Regional Atlas – Regions
In order to facilitate the integration into the reginal politics of the European Union the system of planning and statistical regions was formed, reinforced by amendments of Act XXI of 1996 on Regional development and Regional Planning. According to the legislation in force at present the region “is a NUTS2 level territorial unit according to the Regulation (EC) No 1059/2003 of the European Parliament and of the Council of 26 May 2003, on the establishment of a common classification of territorial units for statistics (NUTS)”. Based on Parliamentary decision 35/1998 (III.20) the country’s territory was divided into seven regions. Since 1 January 2018 the Central Hungary region parted into Pest county and Budapest according to Government decision 2013/2015 (XII.29); in consequence, based on the legislation in force the territory of Hungary is divided into eight planning and statistical regions.
The regions of Hungary, 1 January 2019
There is no historical tradition in the Hungarian administration of large, provincial level organisation of regions. The base unit of territorial organisation became the gentry-led county instead of the province (shire, duchy) defined by the estates of the aristocracy. The attempts to form larger units met noble/national opposition at county level and failed. Such attempts were the endeavour of archbishop Lipót Kollonich at the end of the 17th century in the part of the country re-conquered from the Ottomans, then the measure of Joseph II regarding the dissolution of counties and creation of districts. The districts formed by Alexander Bach following the repression of the Hungarian Revolution of 1848-49 as well as the regions appearing in 1991, following the regime change, led by the commissioner of the republic, were short lived.
At the same time there are regional traditions in the history of the Hungarian territorial organisation. The territorial organisation of the Catholic Church (episcopates, archiepiscopates), the judicial network at the turn of the 19th and 20th centuries, or certain large organisations (e.g. postal directorates, railway directorates) were built on regional principles. However the country-county connection, forming the base of political power was always stronger than the regional tradition, and prevented the varied regional organisations from becoming a connected system.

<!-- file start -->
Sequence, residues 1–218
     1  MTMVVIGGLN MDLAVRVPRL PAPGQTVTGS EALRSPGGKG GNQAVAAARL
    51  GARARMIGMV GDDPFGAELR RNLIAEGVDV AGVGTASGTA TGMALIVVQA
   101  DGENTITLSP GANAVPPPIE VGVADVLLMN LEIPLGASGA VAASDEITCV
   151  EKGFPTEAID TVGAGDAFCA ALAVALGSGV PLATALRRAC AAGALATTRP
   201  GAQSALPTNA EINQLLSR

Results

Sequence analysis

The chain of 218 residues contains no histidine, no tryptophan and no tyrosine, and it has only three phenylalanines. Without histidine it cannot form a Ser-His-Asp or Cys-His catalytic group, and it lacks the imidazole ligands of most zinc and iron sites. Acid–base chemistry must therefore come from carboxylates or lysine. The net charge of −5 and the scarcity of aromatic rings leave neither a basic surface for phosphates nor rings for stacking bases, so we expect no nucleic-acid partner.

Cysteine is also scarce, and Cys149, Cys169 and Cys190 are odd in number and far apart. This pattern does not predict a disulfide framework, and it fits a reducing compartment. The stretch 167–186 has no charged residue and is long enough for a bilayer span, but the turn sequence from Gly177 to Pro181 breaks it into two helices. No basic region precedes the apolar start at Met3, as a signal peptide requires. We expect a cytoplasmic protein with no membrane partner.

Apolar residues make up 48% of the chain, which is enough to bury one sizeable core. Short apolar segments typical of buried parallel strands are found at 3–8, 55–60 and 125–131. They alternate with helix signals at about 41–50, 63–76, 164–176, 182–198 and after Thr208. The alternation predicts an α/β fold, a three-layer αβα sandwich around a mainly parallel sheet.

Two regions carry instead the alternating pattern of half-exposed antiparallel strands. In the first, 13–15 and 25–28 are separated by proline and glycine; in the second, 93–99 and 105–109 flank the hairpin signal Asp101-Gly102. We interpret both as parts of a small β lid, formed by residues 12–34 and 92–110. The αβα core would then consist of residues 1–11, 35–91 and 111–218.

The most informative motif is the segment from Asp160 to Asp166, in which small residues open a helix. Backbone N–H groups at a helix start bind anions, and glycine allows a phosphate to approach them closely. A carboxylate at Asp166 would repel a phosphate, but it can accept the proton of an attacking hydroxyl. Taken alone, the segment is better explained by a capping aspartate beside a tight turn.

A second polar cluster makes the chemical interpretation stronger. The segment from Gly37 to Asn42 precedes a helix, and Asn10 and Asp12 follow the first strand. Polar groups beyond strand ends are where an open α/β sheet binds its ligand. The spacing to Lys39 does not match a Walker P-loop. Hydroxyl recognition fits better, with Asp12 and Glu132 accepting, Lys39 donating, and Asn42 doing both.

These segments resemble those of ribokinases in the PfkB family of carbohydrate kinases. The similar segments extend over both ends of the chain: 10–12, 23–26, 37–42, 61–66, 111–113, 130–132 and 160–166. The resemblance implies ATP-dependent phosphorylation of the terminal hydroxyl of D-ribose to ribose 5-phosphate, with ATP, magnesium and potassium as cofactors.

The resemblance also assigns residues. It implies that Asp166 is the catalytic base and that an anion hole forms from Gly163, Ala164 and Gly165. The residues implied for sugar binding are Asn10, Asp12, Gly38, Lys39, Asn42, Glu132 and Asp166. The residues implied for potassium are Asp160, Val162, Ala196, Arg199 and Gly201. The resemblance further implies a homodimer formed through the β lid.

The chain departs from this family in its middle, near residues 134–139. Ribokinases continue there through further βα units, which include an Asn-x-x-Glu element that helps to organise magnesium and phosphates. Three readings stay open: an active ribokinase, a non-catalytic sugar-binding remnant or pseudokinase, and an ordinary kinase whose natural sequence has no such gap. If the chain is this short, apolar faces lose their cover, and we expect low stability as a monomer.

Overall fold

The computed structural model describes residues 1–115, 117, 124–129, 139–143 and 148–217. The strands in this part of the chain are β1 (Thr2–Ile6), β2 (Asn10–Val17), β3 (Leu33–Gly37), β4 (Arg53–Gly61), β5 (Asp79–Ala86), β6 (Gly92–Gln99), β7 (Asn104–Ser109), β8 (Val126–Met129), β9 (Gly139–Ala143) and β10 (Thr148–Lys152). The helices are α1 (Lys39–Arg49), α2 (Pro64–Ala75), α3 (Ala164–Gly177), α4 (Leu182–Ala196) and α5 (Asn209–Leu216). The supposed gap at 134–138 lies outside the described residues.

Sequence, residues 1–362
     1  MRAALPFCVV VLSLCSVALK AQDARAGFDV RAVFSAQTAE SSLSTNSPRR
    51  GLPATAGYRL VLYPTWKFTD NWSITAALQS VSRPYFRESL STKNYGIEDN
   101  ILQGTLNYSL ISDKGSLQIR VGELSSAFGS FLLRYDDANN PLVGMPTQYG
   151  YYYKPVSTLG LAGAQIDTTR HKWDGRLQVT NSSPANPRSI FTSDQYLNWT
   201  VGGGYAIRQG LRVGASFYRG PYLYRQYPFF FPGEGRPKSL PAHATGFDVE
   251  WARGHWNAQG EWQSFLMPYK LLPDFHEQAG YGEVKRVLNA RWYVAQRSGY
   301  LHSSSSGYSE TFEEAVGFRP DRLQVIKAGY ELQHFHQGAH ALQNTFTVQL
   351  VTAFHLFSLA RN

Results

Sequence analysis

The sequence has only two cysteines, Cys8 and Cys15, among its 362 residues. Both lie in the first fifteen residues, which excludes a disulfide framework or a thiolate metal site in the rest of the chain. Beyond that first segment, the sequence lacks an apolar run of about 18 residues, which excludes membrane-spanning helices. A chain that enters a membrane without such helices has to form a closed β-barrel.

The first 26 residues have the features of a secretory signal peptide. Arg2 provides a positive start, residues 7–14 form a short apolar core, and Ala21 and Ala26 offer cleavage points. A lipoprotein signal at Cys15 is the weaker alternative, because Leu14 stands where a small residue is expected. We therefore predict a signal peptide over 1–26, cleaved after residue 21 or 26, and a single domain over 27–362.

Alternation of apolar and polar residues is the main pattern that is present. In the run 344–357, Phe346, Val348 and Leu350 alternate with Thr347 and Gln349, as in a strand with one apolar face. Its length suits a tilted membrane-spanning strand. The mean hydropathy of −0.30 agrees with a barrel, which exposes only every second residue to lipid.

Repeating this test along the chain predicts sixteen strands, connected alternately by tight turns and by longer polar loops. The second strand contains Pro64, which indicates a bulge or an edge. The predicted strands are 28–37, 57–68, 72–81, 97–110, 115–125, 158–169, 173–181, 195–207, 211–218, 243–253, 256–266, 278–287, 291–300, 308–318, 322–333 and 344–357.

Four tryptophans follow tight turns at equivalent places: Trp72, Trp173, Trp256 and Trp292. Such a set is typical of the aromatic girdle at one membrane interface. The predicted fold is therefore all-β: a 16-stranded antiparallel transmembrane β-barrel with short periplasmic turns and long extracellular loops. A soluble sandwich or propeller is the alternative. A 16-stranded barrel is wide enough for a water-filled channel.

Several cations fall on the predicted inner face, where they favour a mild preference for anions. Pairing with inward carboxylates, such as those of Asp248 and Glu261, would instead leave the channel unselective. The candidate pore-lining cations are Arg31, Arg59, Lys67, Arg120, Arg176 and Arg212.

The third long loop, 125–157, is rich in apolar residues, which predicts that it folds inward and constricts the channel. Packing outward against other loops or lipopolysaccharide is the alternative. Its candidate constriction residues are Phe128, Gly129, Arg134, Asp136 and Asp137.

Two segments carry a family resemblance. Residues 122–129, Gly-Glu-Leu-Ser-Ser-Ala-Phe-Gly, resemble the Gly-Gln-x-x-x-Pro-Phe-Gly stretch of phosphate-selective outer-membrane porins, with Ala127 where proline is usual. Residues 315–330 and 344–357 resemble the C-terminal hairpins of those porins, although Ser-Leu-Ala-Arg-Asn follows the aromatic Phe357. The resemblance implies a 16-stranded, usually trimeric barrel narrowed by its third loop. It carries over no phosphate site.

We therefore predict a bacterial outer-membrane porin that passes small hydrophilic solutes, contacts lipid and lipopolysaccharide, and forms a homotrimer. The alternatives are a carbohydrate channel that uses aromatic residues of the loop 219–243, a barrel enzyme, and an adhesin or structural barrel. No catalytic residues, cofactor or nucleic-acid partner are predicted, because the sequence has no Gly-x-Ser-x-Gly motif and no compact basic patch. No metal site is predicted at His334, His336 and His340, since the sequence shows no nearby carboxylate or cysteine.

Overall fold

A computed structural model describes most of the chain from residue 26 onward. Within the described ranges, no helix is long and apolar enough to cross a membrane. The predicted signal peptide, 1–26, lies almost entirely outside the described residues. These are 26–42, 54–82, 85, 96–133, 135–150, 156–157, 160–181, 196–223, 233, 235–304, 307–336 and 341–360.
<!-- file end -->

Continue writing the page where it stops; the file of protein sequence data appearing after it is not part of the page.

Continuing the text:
As a condition of joining the European Union it became necessary the formation of larger-, primarily serving as planning and statistical –regions, incorporating several counties, as these territorial units are the recipients of the EU regional support.
At present the territory of the country is divided into eight planning and statistical regions, six of these being made up of three counties: Western Transdanubia (Győr-Moson-Sopron, Vas, Zala), Central Transdanubia, (Komárom-Esztergom, Fejér, Veszprém), Northern Hungary (Borsod-Abaúj-Zemplén, Heves, Nógrád), the Northern Great Plain (Hajdú-Bihar, Jász-Nagykun-Szolnok, Szabolcs-Szatmár-Bereg), the Southern Great Plain (Bács-Kiskun, Békés, Csongrád), Southern Transdanubia (Baranya, Somogy, Tolna). Pest county as well as Budapest function as independent regions.
One-fifth of the country’s population is concentrated in the Budapest region; more than twice as many live here than in the least populated Southern Transdanubia. The territorial dimension of the two Great Plain regions is the largest, the extent of Budapest is the smallest. The population density of Budapest is outstanding, there are fifty times more people per square kilometre here than in Southern Transdanubia.
The settlement systems of the regions are significantly divergent. The Transdanubian regions and Northern Hungary are characteristically small village featured, the two Great Plain regions and Pest are made up of settlements with a larger population number.